The biochemical properties of beclin 1 suggest a role in two fundamentally important cell biological pathways: autophagy and apoptosis. We show here that beclin 1-/- mutant mice die early in embryogenesis and beclin 1+/- mutant mice suffer from a high incidence of spontaneous tumors. These tumors continue to express wild-type beclin 1 mRNA and protein, establishing that beclin 1 is a haploinsufficient tumor suppressor gene. Beclin 1-/- embryonic stem cells have a severely altered autophagic response, whereas their apoptotic response to serum withdrawal or UV light is normal. These results demonstrate that beclin 1 is a critical component of mammalian autophagy and establish a role for autophagy in tumor suppression. They both provide a biological explanation for recent evidence implicating beclin 1 in human cancer and suggest that mutations in other genes operating in this pathway may contribute to tumor formation through deregulation of autophagy.
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            The role of autophagy in cancer development and response to therapy.

            Autophagy is a process in which subcellular membranes undergo dynamic morphological changes that lead to the degradation of cellular proteins and cytoplasmic organelles. This process is an important cellular response to stress or starvation. Many studies have shed light on the importance of autophagy in cancer, but it is still unclear whether autophagy suppresses tumorigenesis or provides cancer cells with a rescue mechanism under unfavourable conditions. What is the present state of our knowledge about the role of autophagy in cancer development, and in response to therapy? And how can the autophagic process be manipulated to improve anticancer therapeutics?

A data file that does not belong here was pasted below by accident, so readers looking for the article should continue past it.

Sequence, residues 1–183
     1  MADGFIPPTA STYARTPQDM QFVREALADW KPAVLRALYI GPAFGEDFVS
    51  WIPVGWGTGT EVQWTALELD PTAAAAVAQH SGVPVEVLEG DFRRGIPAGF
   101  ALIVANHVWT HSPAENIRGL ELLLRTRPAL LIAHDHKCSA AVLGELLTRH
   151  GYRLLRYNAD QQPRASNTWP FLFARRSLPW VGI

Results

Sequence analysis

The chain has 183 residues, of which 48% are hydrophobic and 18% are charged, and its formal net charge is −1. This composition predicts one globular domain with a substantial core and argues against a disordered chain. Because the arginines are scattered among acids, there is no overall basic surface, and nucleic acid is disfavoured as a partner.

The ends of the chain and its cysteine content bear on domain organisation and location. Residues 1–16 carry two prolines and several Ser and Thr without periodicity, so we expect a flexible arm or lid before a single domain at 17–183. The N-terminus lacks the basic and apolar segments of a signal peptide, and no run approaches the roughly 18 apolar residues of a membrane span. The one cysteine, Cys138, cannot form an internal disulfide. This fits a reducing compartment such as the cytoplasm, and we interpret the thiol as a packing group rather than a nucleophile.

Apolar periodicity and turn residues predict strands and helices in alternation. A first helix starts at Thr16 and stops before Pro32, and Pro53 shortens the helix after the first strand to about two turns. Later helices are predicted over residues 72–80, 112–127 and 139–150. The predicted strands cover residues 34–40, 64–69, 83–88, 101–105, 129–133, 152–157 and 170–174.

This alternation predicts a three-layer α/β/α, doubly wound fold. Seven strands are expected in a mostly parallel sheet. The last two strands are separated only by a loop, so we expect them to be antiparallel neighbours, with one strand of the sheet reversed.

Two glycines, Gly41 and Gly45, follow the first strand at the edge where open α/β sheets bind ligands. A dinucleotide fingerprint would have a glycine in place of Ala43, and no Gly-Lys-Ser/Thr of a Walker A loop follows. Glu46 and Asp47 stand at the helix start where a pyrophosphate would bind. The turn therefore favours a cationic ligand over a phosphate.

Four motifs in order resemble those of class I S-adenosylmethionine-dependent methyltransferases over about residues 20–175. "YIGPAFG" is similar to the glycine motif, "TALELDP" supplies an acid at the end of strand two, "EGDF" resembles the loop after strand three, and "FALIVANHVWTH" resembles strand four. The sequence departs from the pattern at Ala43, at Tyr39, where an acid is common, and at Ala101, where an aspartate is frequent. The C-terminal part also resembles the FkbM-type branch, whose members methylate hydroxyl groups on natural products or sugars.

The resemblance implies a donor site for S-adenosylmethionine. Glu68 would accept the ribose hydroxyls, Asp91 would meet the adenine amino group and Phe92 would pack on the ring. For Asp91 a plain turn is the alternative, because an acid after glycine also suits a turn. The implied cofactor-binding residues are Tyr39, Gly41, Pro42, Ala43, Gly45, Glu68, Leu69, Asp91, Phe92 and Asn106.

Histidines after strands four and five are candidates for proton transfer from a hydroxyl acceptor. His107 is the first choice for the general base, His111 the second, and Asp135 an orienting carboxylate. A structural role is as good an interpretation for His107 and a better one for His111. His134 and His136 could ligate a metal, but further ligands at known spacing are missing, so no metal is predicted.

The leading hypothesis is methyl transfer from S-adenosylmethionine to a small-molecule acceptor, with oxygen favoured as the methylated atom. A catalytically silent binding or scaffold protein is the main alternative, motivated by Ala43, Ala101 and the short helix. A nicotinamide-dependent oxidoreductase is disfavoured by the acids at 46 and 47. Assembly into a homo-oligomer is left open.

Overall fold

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              Cell biology: autophagy and cancer.


                Author and article information

                BMC Cancer
                BMC Cancer
                BMC Cancer
                BioMed Central
                9 May 2014
                : 14
                : 327
                [1 ]Department of Pathological Anatomy, Nantong University, Qixiu road 19#, Nantong, Jiangsu Province, China 226001
                [2 ]Nantong Tumor Hospital, Nantong, P.R. China
                Copyright © 2014 Qiu et al.; licensee BioMed Central Ltd.

                This is an Open Access article distributed under the terms of the Creative Commons Attribution License ( http://creativecommons.org/licenses/by/2.0), which permits unrestricted use, distribution, and reproduction in any medium, provided the original work is properly credited. The Creative Commons Public Domain Dedication waiver ( http://creativecommons.org/publicdomain/zero/1.0/) applies to the data made available in this article, unless otherwise stated.

                : 18 January 2014
                : 28 April 2014
                Research Article

                Oncology & Radiotherapy
                beclin-1,autophagy,hcc,prognosis proliferation, apoptosis,microvessels
                Oncology & Radiotherapy
                beclin-1, autophagy, hcc, prognosis proliferation, apoptosis, microvessels